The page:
Are There Restrictions on the Arbitrator Serving as Mediator?

, The Legal Intelligencer


Abraham J. Gafni


The different roles of arbitrators and mediators are well recognized in dispute resolution.

An arbitrator is essentially selected by the parties to provide a final determination of substantive issues, often with the expectation that the process will afford benefits in terms of speed, cost, finality and confidentiality.

Mediators, on the other hand, engage in a facilitative process in which they seek to assist the parties in achieving a settlement. Mediation often involves the disclosure of confidential information by one party to the mediator; this exchange allows the mediator to suggest possible resolutions based upon a clearer understanding of the interests of the parties.

If an arbitrator preliminarily serves as a mediator, however, can this result in the invalidation of the arbitrator's continuing authority to render an award?

Such an unanticipated disqualification of an arbitrator was recently considered in New Jersey in Minkowitz v. Israeli (Superior Court of New Jersey, Appellate Division, decided Sept. 25, 2013).

In Minkowitz, a matrimonial dispute, the parties had agreed to submit the matter to binding arbitration.

Thereafter, the attorneys and accountants for the parties met with the arbitrator to discuss certain limited aspects of the dispute and to receive recommendations regarding resolution. Various agreements in writing were reached, including a memorandum of understanding described as having been reached between the parties "after mediation with the assistance of the 'arbitrator.'"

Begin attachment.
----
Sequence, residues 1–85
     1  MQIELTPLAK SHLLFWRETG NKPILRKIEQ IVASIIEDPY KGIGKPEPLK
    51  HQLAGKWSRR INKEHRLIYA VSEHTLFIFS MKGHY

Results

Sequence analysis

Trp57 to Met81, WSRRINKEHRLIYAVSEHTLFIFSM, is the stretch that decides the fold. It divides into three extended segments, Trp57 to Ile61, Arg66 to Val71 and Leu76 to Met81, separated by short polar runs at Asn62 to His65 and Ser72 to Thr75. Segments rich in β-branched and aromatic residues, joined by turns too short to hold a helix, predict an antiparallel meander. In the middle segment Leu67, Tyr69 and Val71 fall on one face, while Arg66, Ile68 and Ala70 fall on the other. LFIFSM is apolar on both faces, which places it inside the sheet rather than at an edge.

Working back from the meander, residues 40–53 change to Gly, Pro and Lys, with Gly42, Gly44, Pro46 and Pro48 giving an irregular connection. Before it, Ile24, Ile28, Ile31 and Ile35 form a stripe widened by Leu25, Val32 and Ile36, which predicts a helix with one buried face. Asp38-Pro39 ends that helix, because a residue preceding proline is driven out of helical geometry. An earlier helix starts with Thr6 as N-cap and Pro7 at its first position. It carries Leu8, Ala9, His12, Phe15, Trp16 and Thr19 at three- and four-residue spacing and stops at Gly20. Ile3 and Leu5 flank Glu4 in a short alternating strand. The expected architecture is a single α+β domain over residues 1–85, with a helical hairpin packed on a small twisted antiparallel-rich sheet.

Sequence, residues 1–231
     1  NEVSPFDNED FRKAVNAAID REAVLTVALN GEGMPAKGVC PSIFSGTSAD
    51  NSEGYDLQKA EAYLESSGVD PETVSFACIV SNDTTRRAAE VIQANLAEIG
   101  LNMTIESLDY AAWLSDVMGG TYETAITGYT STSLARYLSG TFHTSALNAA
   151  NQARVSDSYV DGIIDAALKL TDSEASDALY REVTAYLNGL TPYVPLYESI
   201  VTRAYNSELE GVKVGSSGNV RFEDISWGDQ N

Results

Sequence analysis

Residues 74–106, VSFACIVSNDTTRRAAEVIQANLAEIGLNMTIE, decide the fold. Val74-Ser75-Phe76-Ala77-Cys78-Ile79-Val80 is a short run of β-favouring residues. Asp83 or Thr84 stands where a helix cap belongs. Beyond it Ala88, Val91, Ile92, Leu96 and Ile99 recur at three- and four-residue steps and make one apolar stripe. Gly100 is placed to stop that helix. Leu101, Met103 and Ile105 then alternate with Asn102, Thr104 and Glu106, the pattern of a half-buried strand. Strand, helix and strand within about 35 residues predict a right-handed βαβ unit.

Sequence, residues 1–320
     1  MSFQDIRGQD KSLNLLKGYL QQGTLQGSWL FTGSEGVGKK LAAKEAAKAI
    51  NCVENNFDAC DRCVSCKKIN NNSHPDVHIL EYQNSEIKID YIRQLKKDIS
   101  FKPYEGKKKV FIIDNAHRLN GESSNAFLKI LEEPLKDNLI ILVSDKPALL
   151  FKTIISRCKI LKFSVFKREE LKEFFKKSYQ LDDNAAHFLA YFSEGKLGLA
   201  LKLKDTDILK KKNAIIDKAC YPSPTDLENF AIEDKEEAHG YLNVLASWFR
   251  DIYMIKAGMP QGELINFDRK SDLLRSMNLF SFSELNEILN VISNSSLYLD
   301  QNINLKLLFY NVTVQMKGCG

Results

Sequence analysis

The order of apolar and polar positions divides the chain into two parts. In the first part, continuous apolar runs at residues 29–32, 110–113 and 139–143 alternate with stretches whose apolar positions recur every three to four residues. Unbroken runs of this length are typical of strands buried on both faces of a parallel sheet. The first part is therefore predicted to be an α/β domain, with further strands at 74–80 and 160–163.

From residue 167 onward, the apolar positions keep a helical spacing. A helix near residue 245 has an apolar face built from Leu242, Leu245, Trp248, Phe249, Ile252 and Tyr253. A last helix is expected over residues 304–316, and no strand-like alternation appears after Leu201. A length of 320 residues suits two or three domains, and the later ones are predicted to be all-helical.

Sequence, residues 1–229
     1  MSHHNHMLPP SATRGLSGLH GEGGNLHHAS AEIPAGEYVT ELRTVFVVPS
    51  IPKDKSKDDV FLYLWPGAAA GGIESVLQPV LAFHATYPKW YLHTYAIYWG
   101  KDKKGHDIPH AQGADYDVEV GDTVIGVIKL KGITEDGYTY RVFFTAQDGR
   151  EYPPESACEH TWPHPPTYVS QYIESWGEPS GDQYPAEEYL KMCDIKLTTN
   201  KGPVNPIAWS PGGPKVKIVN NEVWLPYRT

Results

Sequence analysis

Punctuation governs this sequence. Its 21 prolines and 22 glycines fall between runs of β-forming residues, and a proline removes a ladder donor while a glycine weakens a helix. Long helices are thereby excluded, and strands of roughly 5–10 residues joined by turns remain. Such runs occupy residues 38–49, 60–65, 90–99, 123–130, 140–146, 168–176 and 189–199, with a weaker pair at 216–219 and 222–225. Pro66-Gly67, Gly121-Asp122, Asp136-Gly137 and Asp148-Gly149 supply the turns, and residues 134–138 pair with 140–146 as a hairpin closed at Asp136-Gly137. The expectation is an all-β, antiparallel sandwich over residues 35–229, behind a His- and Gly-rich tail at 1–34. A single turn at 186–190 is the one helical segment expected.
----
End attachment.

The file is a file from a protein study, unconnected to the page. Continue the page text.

Following these negotiations, one party sought not only to have these prior agreements set aside but also to disqualify the arbitrator because he had participated as a mediator. The arbitrator disagreed that his prior activities reflected mediation on his part. He continued with the arbitration (with the approval of the trial court) and entered further arbitration decisions relating to the remaining outstanding issues.

Eventually, the New Jersey Superior Court, Appellate Division, held that the prior agreements and memorandum of understanding were binding as settlement agreements that were not precluded by the agreement to arbitrate. These arbitrator-assisted agreements "were not the product of arbitration, but mediation." The court said, "Even though the parties contracted to pursue 'binding arbitration' their change of course to utilize mediation will not invalidate their settlement agreements."

The court further decided, however, that as the parties had interacted with the selected arbitrator as a mediator, he could no longer revert to his original role as an arbitrator with respect to the remaining issues. Accordingly, any arbitration decisions rendered by him subsequent to his service as a mediator were invalid and must be set aside. A new arbitrator would be named for the remaining proceedings.

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